Hearings before the Nicosia criminal court in the second case brought by the state against Bank of Cyprus (BoC) have again been adjourned, to September 25.
The adjournment is pending the Supreme Court’s consideration of an application filed by the defendants for a certiorari – a writ or order by which a higher court reviews a case tried in a lower court.
On April 7 of this year, the criminal court issued an interim decision rejecting all the pre-trial motions put forward by the defence, after the prosecution had amended the charge sheet.
The defendants’ lawyers disagreed with the decision, filing an application for a cert with the Supreme Court.
The Supreme Court has agreed to consider the application, and will be deciding whether to grant a cert.
On June 1, the defendants entered a not-guilty plea after the court rejected a motion to postpone the case.
The case concerns BoC’s acquisition of Greek government bonds and the lender’s failure to inform its shareholders of the risks of such an investment, which eventually cost the lender billions in losses.
The defendants in the case are BoC as a legal entity, and six former officials – former CEOs Andreas Eliades and Yiannis Kypri, non executive vice chairman Andreas Artemi, and non executive board members Giorgos Georgiades, Costas Severis and Costas Hadjipapas.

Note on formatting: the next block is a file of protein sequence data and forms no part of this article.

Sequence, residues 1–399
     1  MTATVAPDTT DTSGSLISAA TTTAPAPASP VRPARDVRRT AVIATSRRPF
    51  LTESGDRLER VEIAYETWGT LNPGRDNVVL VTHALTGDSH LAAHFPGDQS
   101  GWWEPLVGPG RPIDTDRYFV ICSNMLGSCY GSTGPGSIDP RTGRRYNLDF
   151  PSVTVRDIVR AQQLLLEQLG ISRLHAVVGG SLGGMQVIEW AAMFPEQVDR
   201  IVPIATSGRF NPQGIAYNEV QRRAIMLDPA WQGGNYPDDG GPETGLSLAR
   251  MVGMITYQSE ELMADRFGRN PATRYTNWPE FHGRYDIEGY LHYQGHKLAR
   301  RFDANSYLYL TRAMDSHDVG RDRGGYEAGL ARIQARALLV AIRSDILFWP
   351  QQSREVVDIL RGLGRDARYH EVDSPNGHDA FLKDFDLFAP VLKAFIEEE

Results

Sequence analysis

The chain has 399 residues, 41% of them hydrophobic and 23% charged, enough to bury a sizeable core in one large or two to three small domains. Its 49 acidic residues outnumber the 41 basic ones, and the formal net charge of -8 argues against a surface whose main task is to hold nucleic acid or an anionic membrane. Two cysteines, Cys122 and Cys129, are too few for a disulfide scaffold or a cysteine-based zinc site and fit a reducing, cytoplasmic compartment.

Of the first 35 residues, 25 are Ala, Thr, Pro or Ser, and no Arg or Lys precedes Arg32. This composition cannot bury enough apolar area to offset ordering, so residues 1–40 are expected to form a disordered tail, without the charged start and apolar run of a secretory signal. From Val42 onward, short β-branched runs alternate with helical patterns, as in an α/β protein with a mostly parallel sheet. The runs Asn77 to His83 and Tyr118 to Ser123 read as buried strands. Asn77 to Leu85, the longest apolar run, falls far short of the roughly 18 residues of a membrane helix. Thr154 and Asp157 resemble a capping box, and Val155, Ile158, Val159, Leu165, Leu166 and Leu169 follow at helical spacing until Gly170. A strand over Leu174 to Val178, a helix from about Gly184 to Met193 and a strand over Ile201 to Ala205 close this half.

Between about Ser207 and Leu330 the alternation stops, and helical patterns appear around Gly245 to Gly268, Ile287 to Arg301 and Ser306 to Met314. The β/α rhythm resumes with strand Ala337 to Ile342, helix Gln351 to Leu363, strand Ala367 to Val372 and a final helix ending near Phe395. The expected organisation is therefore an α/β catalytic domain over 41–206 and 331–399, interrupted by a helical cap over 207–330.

The charge sheet includes six charges – four against all seven concern market manipulation as regards the acquisition of Greek government bonds. Eliades faces two charges of perjury in connection with his testimony before an investigating committee that probed the collapse of the economy.
The trial started on December 2, 2015.
So far, three criminal cases have been filed against the lender.
The third case was filed in January of this year against top bank officials, former and current, concerning the reclassification of the bank’s bond holdings.